• Changes in regime for foreign loans:
    • The tax exemptions available for foreign loans have been modified, such that a 100% tax exemption no longer applies (maximum exemption reduced to 70%).
    • Thin capitalization rules will be formally introduced, which will apply to debt issued by a foreign connected person.
    • Interest in excess of 30% of earnings before interest, tax, depreciation and amortization (EBITDA) in an accounting period will be disallowed. However, Nigerian subsidiaries of foreign companies engaged in banking or insurance, are exempt from the new thin capitalization rules.
  • Previously, Nigerian tax legislation did not specifically provide for thin capitalization. However, in practice, the general anti-tax avoidance provision in Section 22 of the Companies Income Tax Act (CITA 2004) was used as a tool to disallow interest expenses for companies deemed too thinly capitalized. The Bill thus seeks to formalize the current practice with a 30% of EBITDA restriction on interest on related party loans. The arm’s-length nature of the interest rate applied on such loans should continue to be governed under the general transfer pricing regulations.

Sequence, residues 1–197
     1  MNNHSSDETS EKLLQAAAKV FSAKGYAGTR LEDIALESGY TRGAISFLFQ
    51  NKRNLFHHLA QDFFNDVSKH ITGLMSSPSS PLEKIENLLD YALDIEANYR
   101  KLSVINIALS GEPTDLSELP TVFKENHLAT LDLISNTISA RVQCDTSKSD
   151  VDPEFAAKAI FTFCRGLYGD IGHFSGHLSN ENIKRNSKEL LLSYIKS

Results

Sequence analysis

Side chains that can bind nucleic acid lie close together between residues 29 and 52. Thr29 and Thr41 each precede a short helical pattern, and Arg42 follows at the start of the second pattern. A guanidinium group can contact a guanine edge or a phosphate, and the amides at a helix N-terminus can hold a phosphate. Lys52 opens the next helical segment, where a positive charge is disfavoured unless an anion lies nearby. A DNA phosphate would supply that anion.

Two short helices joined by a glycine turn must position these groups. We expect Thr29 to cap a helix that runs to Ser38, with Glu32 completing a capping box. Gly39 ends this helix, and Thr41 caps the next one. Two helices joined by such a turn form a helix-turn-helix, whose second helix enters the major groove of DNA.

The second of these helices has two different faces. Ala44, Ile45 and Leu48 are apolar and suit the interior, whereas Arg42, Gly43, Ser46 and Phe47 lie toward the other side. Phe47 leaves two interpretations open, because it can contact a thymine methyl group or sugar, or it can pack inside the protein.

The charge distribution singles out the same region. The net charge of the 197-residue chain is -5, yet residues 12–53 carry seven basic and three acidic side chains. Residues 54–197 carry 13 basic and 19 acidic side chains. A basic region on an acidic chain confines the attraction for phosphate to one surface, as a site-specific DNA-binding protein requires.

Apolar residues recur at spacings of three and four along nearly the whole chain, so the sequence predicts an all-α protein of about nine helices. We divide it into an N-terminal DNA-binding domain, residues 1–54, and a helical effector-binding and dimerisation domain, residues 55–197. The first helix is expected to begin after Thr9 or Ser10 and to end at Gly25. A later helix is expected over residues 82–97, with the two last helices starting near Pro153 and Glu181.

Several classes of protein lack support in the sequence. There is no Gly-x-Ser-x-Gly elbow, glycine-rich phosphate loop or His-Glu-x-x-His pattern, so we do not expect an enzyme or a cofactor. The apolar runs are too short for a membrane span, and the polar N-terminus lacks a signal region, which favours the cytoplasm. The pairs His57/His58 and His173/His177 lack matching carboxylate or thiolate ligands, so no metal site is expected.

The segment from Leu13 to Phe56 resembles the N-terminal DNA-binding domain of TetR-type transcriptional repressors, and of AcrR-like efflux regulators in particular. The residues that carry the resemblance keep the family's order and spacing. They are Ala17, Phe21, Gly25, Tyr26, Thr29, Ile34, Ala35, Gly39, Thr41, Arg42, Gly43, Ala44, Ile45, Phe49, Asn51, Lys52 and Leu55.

Capital Gains Tax

Changes
Implications
  • A CGT exemption is introduced for reorganizations of businesses between related parties, provided that there are no disposals of assets from such reorganization within a 365-day period.
  • This proposed amendment to the CGT Act is intended to align with the reorganization provisions which are currently only included within the CIT provisions of Section 29.
  • Compensation for loss of employment below NGN10 million is exempted from CGT.
  • This serves as a benefit to lower income earners, in the event of their employment termination.

Value Added Tax

Changes
Implications
  • The rate for VAT is increased from 5% to 7.5%.
  • The general consensus is that the Nigerian VAT rate is very low in comparison to other jurisdictions within Africa. With the emphasis on revenue generation for the Nation, this change is perceived to be an expedited manner in which to generate revenue for the Government. It is expected that further increases will occur in the future.